An Endurance Coach’s Tips for Obstacle Course Racing

Last Updated: July 20, 2019 | 5 minute read


With the addition of Spartan Racing to our ever-growing list of partnerships, the MitoQ office has been abuzz with images and stories of inspirational feats of strength and resilience. When we found out that Spartan had announced its first ever race in New Zealand, we realized it was time to put our money where our mouths are and enter a team.

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So, as our MitoQ team sets themselves up for the inaugural Spartan race in New Zealand, we spoke to endurance coach Paul Cadman (pictured above) on his recommendations in the lead up to the event.

MitoQ: What should our priorities be leading up to the race?

Paul Cadman: Consistency is king, it’s about doing something every day of the week. Even if it’s just going for a walk or doing something restorative like yoga, it is good to be moving your body every day.

I recommend doing bigger work outs five days a week and having two days for restorative recovery.

MQ: What should my training regime look like, what areas should I be focusing on?

PC: For a rough guide I would suggest: Mon on, Tues off, Wed on, Thurs off, Fri on, Sat on, Sun on.

Most people have more time in the weekend so be realistic and aim to do your longer workouts on these days. These are great days to work on your endurance.

I recommend two 1.5-hour endurance sessions a week. That can be walking, hiking, or running. Try running for 3 minutes and walking two for the whole 1.5 hours.

During the week you can focus more on strength training. Core work is going to be pretty essential as it will build your base for most of the obstacles. You should work this into your everyday workouts.

Another area to focus on is your upper body. A great way to do this is by implementing more body weight exercises into your routine. Self-supported movements like pull-ups with a resistance band, push-ups, burpees (a lot of burpees), planks and wheelbarrows. Just ensure that you ease into it to avoid being crippled by it.

Lower body should be mostly covered in your endurance training but for some extra assistance, try doing shuffles with a resistance band around your ankles and then progress to adding in some squats.

On the active recovery days - Tues and Thurs - do something restorative like yoga or roller work to ensure that you are moving the lactic acid around and giving your muscles some extra support.

What you are wanting to do is get a lot of variety so that you are covering everything. This will mean that you will be well rounded on the day.

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MQ: Any tips on how to get through the race without burning out?

PC: It all depends on what you want to get out of the race on the day. If you are there to be competitive and run a personal best you are going to approach the race differently to someone who is there to have fun and just get to the end.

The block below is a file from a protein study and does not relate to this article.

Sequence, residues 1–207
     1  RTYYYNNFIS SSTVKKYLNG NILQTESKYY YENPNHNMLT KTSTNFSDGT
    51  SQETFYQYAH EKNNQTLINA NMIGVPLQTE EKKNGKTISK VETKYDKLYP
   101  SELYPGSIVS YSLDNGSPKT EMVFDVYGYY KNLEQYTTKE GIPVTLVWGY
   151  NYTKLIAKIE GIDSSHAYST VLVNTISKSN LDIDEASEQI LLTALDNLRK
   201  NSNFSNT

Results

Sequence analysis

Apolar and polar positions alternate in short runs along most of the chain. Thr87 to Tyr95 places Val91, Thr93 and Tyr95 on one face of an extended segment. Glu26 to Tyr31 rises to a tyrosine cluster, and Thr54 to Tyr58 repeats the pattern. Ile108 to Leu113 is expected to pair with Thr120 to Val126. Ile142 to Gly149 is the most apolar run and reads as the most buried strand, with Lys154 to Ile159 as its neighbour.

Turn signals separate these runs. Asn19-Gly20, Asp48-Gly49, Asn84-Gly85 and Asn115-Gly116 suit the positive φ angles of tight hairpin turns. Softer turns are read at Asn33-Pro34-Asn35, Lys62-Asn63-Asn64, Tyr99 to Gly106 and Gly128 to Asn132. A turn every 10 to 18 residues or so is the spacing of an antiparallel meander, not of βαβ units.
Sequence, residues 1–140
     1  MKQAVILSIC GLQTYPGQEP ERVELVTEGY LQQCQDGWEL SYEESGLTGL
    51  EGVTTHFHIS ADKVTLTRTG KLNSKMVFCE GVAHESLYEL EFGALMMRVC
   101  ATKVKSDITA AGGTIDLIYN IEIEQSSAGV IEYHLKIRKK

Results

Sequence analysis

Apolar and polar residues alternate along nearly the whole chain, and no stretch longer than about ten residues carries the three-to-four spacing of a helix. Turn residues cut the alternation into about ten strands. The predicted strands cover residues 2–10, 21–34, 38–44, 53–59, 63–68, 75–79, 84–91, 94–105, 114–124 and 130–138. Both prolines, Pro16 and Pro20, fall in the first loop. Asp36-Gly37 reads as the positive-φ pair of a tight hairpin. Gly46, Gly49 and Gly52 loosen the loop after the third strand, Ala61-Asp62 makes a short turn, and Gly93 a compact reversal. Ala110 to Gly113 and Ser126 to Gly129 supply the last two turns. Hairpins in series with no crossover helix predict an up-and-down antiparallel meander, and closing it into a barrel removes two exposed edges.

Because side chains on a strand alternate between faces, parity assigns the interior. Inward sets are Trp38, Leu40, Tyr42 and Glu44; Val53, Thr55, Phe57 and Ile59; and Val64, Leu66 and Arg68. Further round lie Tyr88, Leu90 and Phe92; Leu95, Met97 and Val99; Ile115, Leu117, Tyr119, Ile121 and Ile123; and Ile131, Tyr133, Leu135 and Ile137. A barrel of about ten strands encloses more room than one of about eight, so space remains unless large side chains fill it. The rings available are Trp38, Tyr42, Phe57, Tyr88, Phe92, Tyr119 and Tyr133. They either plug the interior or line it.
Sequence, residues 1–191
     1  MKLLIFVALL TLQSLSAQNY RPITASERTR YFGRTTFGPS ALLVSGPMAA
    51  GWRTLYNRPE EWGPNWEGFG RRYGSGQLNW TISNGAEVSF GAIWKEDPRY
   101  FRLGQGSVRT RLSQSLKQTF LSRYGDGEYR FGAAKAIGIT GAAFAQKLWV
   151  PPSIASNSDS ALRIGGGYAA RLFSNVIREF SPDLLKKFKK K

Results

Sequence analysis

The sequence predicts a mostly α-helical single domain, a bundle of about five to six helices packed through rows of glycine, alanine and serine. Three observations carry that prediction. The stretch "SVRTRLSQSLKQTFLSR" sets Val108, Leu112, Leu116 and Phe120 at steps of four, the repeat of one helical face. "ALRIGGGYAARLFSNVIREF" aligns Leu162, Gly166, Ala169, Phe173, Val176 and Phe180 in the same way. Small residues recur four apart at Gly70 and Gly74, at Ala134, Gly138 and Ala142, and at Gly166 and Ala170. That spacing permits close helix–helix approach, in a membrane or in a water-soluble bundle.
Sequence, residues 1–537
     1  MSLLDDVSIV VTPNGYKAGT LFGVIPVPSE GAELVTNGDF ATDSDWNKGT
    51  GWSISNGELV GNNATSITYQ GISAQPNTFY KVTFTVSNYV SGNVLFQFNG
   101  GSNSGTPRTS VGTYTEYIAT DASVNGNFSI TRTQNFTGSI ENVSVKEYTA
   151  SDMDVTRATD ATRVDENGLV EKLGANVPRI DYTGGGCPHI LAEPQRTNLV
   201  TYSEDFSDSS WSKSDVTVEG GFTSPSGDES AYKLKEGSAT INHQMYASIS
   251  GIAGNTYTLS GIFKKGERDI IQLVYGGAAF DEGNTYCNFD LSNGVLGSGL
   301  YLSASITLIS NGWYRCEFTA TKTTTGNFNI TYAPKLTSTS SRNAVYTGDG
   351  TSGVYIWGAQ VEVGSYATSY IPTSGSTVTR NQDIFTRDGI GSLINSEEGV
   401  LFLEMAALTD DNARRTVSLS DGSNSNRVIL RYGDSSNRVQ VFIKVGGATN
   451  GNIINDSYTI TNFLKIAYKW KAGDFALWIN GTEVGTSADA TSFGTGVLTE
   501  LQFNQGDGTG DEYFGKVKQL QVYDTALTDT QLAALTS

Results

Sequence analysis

MQ: Oh, we are definitely the latter!

PC: In that case, my key piece of advice is to not go too hard off the start line. Be realistic and pace yourself. It’s a long race and you don’t want to run out of steam after 20 minutes. It’s going to hurt at the end no matter what you do, so make sure you have fun.

MQ: What should we eat the night before the race?

PC: Just normal food. No seriously.

I don’t recommend going down to your local Italian and eating a large bowl of pasta, it’s not going to help. Don’t do anything your body will be unfamiliar with.

Also, try not to eat anything too inflammatory or unhealthy like loads of sugar, processed foods or takeaways.

Eating something 2-3 hours before the race, like a boiled egg, can help you sustain energy throughout the race.

It’s more important that you are increasing and focussing on your hydration.

MQ: How much should I be drinking?

PC: You should be having between 2 – 2.5 litres of water normally and when you are training you should be increasing this to an extra litre per hour of training.

You can lose up to one litre of water through the night so make sure you are hydrating as soon as you wake up in the morning to replenish the levels.

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MQ: What do you recommend taking with me on the day?

PC: Water… or any type of restorative fluids, something warm to put on after the race, gel sachets if you think you will need some extra support during the race or after, someone with a first aid kit is always helpful.

MQ: What are your key recovery tips?

PC: Make sure to stretch adequately and do restorative sessions as part of your training.

Nutrition is important. Protein is key for repair and recovery, I recommend having protein 20- 30 minutes after a workout, especially for females.

It also helps to have a balanced diet with lots of amino acids. Again, fluids are key.

Oh, and take your MitoQ!

MQ: Lastly, what are your tips to getting through the race mentally on the day?

PC: Focus on your own race. Don’t chase the dudes at the front you don’t know how long they have been training or their level of fitness. Take it easy, start slow and finish with a smile on your face!

Want to know how you can hack your days to get more exercise? Click the link below to discover our top 5 tips.

5 Top Tips to get More Exercise


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